Saturday, November 7, 2015
November 7-8, 2015: Five Years!
Five years ago this week, I launched this blog. There’s plenty I could say about those five years and how the blog has developed, changed, and (I hope and believe) improved immeasurably over that time, as well as all it has meant to my scholarly writing and work, career, teaching, relationships, and life. But rather than indulge in quite that much navel-gazing, I wanted to use this anniversary to highlight instead five other blogs that have been influential and inspiring to me along the way. Some are more presently active than others, and all have been featured in this space before; but they’re all well worth your time in any case, and it’s a pleasure to highlight them once again.
1) The American Literary Blog: Despite its somewhat more specific focus, Rob Velella’s blog on 19th century American literature remains the closest parallel to my own blog that I’ve found. And much more importantly, every post is a combination of fun, informative, surprising, and engaging. A model for me to this day!
2) Civil War Memory: I don’t imagine there are many AmericanStudiers who haven’t checked out Kevin Levin’s longstanding and award-winning blog by now. But if you haven’t, you certainly should! Kevin combines responses to current events, historical scholarship, and engagement with his peers and colleagues as well as any writer I know, and in all those and other ways continues to inspire my own work.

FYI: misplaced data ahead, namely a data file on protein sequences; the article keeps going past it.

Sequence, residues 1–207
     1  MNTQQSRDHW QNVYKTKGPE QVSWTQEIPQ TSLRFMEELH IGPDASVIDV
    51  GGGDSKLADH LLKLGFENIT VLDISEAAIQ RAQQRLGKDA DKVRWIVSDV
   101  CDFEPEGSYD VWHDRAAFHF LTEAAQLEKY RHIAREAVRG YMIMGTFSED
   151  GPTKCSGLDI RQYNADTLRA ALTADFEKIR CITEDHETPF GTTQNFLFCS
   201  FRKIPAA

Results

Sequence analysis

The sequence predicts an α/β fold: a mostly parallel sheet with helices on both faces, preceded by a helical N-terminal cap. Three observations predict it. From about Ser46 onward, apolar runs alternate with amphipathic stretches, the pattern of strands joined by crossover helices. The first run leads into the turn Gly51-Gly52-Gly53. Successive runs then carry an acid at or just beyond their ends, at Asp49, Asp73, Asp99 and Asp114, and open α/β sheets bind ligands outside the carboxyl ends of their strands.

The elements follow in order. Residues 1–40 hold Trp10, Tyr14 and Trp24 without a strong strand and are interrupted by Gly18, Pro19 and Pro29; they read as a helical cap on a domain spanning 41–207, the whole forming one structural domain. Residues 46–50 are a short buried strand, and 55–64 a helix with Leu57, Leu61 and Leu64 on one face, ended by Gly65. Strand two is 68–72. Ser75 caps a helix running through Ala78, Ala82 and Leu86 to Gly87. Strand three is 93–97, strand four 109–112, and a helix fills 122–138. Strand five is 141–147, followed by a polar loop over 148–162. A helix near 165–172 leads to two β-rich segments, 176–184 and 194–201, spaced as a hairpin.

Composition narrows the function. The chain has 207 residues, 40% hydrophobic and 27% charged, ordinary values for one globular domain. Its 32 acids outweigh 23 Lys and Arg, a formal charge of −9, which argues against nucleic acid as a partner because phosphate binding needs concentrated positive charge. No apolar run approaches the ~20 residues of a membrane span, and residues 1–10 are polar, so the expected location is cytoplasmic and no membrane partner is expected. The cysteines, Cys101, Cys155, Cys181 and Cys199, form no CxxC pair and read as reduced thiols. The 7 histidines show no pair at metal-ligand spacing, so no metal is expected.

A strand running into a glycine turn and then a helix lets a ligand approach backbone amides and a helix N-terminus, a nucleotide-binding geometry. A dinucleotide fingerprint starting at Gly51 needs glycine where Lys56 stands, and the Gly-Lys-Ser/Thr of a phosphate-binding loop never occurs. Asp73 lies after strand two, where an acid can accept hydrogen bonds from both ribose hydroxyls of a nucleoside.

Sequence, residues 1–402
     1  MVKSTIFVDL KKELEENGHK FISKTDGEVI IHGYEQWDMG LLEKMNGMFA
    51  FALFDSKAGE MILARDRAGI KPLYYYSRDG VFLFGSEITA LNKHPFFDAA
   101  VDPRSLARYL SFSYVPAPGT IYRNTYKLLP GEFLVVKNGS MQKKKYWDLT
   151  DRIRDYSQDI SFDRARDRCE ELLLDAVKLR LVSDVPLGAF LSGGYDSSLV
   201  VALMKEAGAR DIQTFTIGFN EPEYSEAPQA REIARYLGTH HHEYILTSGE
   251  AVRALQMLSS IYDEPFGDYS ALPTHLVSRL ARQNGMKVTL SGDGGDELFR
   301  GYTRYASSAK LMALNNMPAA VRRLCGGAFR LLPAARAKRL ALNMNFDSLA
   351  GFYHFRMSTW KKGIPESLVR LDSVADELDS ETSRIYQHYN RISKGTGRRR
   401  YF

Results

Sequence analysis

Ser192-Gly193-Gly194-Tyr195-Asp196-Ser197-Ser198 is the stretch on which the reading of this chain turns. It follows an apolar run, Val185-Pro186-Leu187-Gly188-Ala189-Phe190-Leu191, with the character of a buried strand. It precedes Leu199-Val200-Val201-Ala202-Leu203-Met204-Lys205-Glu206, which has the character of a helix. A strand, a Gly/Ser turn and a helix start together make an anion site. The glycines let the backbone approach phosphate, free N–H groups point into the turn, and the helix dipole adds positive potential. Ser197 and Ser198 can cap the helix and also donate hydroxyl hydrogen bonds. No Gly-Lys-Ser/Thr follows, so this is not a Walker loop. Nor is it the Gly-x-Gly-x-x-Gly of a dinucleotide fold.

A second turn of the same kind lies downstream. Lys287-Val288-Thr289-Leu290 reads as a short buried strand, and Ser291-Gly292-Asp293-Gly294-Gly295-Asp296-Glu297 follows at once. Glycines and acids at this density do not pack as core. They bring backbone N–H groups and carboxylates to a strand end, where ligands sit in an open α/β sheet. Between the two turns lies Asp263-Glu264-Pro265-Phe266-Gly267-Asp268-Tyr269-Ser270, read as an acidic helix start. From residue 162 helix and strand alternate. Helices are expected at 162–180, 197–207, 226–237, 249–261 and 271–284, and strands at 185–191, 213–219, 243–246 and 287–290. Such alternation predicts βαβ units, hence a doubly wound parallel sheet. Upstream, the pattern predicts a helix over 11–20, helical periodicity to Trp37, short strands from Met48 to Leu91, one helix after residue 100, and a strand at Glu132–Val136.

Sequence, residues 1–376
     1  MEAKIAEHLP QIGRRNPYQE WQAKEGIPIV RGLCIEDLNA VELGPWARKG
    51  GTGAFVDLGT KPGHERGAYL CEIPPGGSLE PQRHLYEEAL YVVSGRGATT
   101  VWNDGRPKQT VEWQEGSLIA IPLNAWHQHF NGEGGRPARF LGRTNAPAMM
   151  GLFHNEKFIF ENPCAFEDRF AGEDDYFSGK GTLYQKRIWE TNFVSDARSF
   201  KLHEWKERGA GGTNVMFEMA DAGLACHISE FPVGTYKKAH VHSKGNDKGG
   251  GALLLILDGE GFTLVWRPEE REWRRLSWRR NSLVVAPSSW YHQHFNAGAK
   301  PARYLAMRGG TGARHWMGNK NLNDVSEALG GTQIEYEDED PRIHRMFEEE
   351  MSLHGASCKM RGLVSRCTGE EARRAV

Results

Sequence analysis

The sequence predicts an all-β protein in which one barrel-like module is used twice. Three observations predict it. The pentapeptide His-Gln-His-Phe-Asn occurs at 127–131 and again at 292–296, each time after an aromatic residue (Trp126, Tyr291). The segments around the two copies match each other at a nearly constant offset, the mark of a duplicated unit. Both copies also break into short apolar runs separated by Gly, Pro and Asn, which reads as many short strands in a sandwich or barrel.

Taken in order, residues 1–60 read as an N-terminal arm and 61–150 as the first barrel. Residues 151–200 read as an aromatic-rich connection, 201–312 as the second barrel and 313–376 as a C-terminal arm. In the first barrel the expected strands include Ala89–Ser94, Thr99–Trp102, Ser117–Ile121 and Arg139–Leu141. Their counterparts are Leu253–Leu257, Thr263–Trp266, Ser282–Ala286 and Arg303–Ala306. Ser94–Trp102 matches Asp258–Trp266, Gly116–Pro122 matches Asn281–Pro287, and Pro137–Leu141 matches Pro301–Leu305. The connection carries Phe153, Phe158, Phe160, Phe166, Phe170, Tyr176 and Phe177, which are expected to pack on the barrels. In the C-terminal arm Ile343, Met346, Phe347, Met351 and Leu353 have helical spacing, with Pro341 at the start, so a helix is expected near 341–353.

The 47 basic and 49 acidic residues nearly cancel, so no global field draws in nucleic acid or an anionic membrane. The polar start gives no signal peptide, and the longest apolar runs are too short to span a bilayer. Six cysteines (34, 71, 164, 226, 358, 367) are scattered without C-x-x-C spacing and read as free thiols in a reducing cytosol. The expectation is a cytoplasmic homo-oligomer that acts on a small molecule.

3) Deep Down in the Classroom: Run by my former Temple University grad colleague Jessica Restaino and her colleagues at the Montclair University First Year Writing Program, Deep Down represents the best kind of pedagogical blog: practical yet philosophical, evolving yet grounded, helpful yet challenging. I’ve tried to include my teaching more and more in this space as it has grown, and it’s pedagogical blogs like Deep Down that have helped guide the way.
4) Race Files: I’ve written quite a bit in this space about my gradual move into public scholarship, and indeed no space has been more important in that evolution than this blog. As I’ve tried to engage more and more overtly here with current events and public debates, without losing the curiosity and openness and analytical engagement that I hope have been part of this blog all along, successful and multi-faceted public scholarly blogs like Race Files have been hugely inspiring to me.
5) Ta-Nehisi Coates: In the five years I’ve been writing this blog, Coates has gone from a journalist and blogger with a small but rabid following (this AmericanStudier included) to one of the most famous writers in America. But when I read his second book, Between the World and Me, it still felt very much like I was reading his blog. That’s about the highest praise I can give the book, and is a style for which I strive in my own current and future book projects as well. I’ll get there, with the help of these and many other inspiring writers and blogs!
Next series starts Monday,
PS. I’ve asked it before but will ask it again: I’d really love for you to say hi (in comments or by email) and, if you’d like, let me know a bit about what brought you to the blog, what you’d like to see here, and what your own AmericanStudies interests are. Gracias!